In the recent US mid-term elections, democracy was accurately said to be on the ballot. Despite a pervasive pre-poll pessimism, democracy won.


Trumpist election deniers did very badly indeed. “When election deniers ran for offices that have significant oversight over elections themselves, voters rejected them,” wrote Kaleigh Rogers, an analyst with the non-partisan website FiveThirtyEight.

“In particular, secretaries of state serve as the chief election official in most states, and overseeing elections is a big part of their job. Voters recognize this and, when state-level candidates were adamant election deniers, they not only lost, they typically did worse than other state-level candidates.

“There are still a lot of reasons to be concerned,” Rogers wrote, “about the state of democracy in America – 2021 brought a massive wave of new voter restrictions, a disturbingly high share of Americans think political violence is justified, and pending court cases could severely limit efforts to curtail gerrymandering or restrictive election laws. But over and over again this fall, voters in this country made it clear that, given the choice, they’re still picking democracy.”

Much of the chatter about democracy’s alleged retreat is fixated on America. America is not the world and, anyway, it’s turning out to be not as dire as many people thought. And in Brazil, the odious Bolsanaro followed the same path.

The United States may be the world’s most self-obsessed nation. Problems specific to America are assumed to be problems everywhere. A new study by the Carnegie Endowment for International Peace, a Washington-based think-tank, showed this to be misleading.

“American observers agonizing about the United States’ democratic woes tend to see democratic decline wherever they look,” the researchers wrote in Foreign Affairs.

“This view does not align with global realities. Certain negative trends – like citizen alienation from mainstream parties and the intensification of exclusionary, majoritarian politics – are affecting democracies almost everywhere. But actual backsliding – serious normative and institutional erosion that risks undercutting the whole democratic system – is not.”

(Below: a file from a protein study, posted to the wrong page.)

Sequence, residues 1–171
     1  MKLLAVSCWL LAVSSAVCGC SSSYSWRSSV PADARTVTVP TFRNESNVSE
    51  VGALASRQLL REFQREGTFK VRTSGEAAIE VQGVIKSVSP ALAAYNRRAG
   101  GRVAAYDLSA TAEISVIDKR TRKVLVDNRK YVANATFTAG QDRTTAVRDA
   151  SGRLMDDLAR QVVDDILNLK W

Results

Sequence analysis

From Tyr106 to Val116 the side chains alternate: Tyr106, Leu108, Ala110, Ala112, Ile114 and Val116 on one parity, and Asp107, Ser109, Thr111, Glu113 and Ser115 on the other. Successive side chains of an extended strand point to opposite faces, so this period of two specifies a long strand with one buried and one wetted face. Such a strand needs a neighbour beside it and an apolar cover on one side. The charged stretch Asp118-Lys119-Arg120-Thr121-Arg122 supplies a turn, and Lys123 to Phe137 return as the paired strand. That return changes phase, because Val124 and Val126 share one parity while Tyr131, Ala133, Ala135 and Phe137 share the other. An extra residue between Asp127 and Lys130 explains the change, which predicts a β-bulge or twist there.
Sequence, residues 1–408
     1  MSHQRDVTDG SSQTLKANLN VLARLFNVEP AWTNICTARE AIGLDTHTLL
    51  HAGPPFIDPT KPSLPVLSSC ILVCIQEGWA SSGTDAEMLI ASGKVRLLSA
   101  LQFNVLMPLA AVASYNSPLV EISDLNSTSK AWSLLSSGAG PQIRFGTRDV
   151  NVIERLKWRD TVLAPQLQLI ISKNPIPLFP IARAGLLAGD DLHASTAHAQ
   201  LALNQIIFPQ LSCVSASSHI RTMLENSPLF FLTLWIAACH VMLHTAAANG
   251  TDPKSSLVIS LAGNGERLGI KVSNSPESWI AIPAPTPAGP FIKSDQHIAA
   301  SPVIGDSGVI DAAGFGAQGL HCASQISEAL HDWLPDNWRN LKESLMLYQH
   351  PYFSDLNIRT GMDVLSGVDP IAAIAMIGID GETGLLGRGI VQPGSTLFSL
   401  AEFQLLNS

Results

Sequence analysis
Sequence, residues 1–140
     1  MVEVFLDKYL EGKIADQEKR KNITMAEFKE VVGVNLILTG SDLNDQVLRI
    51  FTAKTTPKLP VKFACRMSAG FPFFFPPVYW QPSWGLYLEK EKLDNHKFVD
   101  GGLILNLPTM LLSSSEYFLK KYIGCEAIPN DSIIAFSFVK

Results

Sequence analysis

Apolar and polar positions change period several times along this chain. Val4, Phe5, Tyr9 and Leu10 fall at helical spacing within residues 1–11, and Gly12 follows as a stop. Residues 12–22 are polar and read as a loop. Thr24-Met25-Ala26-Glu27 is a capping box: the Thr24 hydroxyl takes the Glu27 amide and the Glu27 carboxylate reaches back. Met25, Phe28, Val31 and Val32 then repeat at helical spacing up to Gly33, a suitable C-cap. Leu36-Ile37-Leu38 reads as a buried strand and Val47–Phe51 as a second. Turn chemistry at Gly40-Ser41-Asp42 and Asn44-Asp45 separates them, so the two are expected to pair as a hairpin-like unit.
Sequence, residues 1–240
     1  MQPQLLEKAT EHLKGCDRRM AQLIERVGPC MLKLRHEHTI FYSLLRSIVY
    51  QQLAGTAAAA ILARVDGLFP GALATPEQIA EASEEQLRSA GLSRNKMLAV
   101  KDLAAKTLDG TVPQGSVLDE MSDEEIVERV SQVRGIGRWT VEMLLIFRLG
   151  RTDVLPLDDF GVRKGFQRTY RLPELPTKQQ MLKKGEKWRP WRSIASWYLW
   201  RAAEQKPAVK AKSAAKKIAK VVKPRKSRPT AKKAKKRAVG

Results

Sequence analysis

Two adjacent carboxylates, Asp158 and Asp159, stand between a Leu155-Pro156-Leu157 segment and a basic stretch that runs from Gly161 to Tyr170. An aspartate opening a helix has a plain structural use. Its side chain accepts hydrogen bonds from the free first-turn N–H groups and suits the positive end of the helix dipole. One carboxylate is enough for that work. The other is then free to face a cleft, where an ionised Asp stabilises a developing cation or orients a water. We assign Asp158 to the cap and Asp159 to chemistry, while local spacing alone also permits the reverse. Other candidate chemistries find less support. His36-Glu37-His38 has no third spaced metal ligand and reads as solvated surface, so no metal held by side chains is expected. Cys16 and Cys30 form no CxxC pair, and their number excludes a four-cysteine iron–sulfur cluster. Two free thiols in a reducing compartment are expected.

The big winners in the US mid-terms were Joe Biden and democracy itself. The big loser was Donald Trump. He and his Big Lie cost the Republican Party the Senate, reduced the expected red wave in the House to a ripple – if five seats change hands, the Democrats would form the majority. And Trump has given the Democrats a decent chance of winning both houses and the presidency in 2024.


Vladimir Putin and Xi Jinping are the poster boys for brutal, repressive authoritarianism.

Putin and his proxies annexed Crimea and took over parts of Ukraine’s east in 2014, starting a smouldering war that has gone on every since. But his real problems began when he started a full-scale invasion in February.

Putin’s stated war aims were to return Ukraine to the Russian empire, arrest prime minister Volodomir Zelenskiy and top officials, and force NATO to draw back from the former Soviet holdings in eastern Europe.

How’s that going, then, Vlad? In less than a year he has strengthened NATO, giving it a purpose it has not had since the end of the Cold War. The western alliance has not retreated but expanded, with two border states – Sweden and Finland – joining up. He has trashed Russia’s reputation as a military power.

Russia is losing its war
According to estimates from a Ukrainian website, over 90,000 Russian troops have been killed and 270,000 wounded. Russia has lost 43% of all its armoured vehicles, 88% of its tanks, 44% of its artillery, 20% of its aircraft and 27% of its helicopters.

Even half those numbers would be catastrophic for any armed force.

Protests have broken out throughout Russia against the botched and brutal military call-up. Untrained young men are being thrown into the front line as cannon fodder against determined and generally well-equipped Ukrainian defenders. It is all but impossible to see how Putin could win this war. Defeat, even extended stalemate, could be disastrous for him.

Who looks more politically secure now? Putin or Zelenskiy?


Events in China are confirming a long-understood truth about centrally-planned, authoritarian economies: they can be effective in the early stages of development but fall apart later on. Modern economies are just too complicated to be run that way.

Deng Xiaoping understood that. Mao did not and his authoritarian hubris created the Great Leap Forward in 1959 that killed between 15 million and 55 million people in what was probably the worst famine in human history.